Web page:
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1.—THE COMMA (,)

The comma is used to mark the shortest pause of time.

(1) In a simple sentence it may be used or be omitted.


Know that the slender shrub which is seen to bend, conquers when it yields.

Truth is afoot, nothing can impede it.

The same principle leads us to neglect a man of merit that induces us to admire a fool. (2) In a compound sentence—that is, one in which the direct sequence of thought is interrupted by repetition or by the addition, as of verbs, nouns, or other parts of speech—the comma is used to separate the simple members.


Charity, like the sun, brightens every object it shines upon.

Men of age object too much, consult too long, adventure too little, repent too soon, and seldom drive business home to the full period, but content themselves with a mediocrity of success.

(3) It is used in separating several (more than two) words which are connected by conjunctions expressed or implied.


Man must have some fears, hopes, and cares for the coming morrow.

God has given us wit, and flavor, and brightness, and laughter, and perfumes, to enliven the days of man's pilgrimage, and to charm his pained steps over the burning marle."

Gordon met death as a brave, valiant, and noble man. (4) It is not used to separate two words that are connected by a conjunction.

EXAMPLE: Mirth is short and transient, cheerfulness fixed and permanent.

(5) It may or may not be used to separate a series of words in pairs that are connected by conjunctions.


This sound brought out from their lurkings places a crew of vagabond boys and vagabond dogs, ... and boy and dog, and hostler and Boots, all slunk back again to their holes.

In schoolroom and college class, in the field
and afloat, discipline maintains order.

East and West and South and North
The Messengers ride fast.

(6) It is used to set off nouns and pronouns in the absolute, and words put in apposition.


The prisoner, his sentence being pronounced,
was removed.

He who stands before thee is Paul, the

The transaction closed, we separated.

(7) It is used to set off adjectives or participial adjectives and their adjuncts, especially if they affect the significance of a dependent clause.

EXAMPLE: Man, living, feeling man, is the easy prey of the powerful present.

(8) It is used to introduce a single short quotation. If, however, more than one quotation is cited, a colon should be used instead.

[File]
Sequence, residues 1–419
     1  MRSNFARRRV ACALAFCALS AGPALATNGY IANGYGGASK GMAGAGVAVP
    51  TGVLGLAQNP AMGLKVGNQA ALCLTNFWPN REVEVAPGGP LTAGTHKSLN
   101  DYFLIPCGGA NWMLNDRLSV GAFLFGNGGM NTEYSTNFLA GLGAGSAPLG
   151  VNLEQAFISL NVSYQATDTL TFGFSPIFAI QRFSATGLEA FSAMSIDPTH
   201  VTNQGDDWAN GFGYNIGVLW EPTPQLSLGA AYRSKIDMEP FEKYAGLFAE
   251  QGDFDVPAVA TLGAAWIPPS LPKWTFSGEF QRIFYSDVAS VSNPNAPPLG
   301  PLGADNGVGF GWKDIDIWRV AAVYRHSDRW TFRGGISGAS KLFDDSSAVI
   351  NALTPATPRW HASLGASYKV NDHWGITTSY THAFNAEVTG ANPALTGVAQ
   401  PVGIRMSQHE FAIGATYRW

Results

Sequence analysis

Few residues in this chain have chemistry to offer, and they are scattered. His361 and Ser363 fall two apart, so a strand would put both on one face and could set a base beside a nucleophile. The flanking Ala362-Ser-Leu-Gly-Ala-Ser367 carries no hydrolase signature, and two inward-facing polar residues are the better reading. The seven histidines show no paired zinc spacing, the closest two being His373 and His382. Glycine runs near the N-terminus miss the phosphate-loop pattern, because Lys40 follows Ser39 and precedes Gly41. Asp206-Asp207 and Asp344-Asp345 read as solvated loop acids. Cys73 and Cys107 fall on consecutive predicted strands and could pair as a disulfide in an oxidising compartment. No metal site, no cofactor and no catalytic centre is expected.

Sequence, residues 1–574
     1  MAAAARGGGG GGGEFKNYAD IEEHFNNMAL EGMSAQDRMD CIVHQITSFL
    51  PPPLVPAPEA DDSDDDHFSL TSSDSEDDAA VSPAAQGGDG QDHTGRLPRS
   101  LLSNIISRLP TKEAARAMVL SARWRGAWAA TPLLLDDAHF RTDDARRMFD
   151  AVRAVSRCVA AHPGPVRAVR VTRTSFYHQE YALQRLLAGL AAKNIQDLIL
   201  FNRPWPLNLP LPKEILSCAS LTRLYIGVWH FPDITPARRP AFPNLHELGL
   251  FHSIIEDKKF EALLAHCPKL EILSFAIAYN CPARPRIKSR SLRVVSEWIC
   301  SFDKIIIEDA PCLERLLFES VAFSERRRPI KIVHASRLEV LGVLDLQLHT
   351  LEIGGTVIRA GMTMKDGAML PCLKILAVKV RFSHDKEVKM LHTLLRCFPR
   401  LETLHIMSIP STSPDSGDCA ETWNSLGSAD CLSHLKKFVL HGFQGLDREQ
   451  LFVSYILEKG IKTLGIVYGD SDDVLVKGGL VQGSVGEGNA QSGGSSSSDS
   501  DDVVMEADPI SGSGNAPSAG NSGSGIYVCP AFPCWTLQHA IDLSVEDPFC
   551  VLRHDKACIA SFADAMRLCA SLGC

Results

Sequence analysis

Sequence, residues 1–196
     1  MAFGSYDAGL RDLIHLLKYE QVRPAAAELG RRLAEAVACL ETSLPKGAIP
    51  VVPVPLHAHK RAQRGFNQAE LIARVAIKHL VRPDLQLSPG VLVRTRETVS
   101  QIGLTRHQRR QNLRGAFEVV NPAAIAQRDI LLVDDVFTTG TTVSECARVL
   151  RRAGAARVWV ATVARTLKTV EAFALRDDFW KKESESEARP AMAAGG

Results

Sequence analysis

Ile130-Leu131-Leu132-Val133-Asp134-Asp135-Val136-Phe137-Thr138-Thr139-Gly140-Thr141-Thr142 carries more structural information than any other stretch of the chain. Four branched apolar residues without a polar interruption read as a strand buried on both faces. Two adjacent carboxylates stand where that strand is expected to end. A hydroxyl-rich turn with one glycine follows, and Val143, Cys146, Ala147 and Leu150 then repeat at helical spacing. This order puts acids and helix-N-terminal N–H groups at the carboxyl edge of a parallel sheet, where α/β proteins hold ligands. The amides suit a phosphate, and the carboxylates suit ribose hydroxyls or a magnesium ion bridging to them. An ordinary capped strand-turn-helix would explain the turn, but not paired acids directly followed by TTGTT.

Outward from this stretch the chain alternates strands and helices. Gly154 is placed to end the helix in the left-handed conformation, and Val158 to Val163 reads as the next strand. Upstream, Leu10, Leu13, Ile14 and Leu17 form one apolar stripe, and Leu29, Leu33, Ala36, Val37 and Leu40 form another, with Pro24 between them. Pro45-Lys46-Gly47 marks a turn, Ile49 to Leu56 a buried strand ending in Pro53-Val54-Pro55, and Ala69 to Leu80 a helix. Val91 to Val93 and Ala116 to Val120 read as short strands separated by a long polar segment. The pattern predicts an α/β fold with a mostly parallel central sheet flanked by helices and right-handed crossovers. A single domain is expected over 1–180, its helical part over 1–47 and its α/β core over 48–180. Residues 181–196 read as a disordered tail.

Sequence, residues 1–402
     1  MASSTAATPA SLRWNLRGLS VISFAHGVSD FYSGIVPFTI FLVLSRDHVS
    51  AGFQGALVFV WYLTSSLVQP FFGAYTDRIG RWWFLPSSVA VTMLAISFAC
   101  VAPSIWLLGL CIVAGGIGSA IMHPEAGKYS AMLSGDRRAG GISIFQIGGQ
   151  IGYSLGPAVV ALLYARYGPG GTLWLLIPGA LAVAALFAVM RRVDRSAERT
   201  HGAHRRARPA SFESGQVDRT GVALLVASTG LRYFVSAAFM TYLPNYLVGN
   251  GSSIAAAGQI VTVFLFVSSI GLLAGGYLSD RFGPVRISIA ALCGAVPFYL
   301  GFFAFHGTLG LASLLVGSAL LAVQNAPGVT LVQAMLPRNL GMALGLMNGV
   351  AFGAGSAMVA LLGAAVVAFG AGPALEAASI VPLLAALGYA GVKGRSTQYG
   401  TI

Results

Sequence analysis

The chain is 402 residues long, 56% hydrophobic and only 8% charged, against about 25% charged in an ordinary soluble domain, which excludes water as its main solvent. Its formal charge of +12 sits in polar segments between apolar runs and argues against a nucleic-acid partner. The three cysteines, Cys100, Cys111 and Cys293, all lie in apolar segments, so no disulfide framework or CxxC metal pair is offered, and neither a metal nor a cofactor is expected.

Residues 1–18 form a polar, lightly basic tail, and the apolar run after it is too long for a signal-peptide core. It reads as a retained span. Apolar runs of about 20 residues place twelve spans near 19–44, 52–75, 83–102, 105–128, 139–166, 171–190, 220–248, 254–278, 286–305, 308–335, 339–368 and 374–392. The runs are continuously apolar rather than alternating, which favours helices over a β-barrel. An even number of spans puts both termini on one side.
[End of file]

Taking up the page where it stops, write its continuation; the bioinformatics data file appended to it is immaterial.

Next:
(9) It is used in the place of a verb omitted or of a word understood.

(10) It is used before and after the infinitive mode when the infinitive follows a verb from which it should be set off, or when it is dependent on a thing understood or remote.

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His aim was, to foster the interests of the natives.

To continue, I will now show the consequence of my argument. (11) It is used also to set off an adverb or adverbial phrases when they cause a break in the construction of a simple sentence.


This curiosity of theirs, however, was attend.
ed with very serious effects.

And yet I knew that every wrong,
However old, however strong,
But waited God's avenging hour.

(12) It is used to set off prepositional phrases when they interrupt the sequence of a simple sentence, or when they are separated from words on which they are dependent.


American aristocracy is, to some extent, a matter of wealth.

By study, we may add to our store of knowl. edge that acquired by our ancestors. (13) It is used to set off a conjunction when it is divided from the main clause dependent on it or when it introduces an example.

EXAMPLE: The collision was inevitable, but, by timely assistance, the crew was saved.

(14) It is used occasionally to set off interjections. EXAMPLE:

Yet then from all my grief, O Lord,

Thy mercy set free. (15) It is used to set off a word which it is desired to emphasize. EXAMPLE:

Holy, Holy, Holy,

Lord God Almighty !

2.—THE SEMICOLON (;) The semicolon is used to indicate a separation in the relations of the thought in a compound sentence-a degree greater than that expressed by the comma.

(1) It is used to separate different statements; that is, the different clauses of a compound sentence which are already separated by commas.


We may live without poetry, music, and art;
We may live without conscience, and live

without heart;
We may live without friends; we may live

without books; But civilized man can not live without cooks. (2) It is used to separate two or more simple members of a sentence when these require a pause greater than that which a comma would mark.

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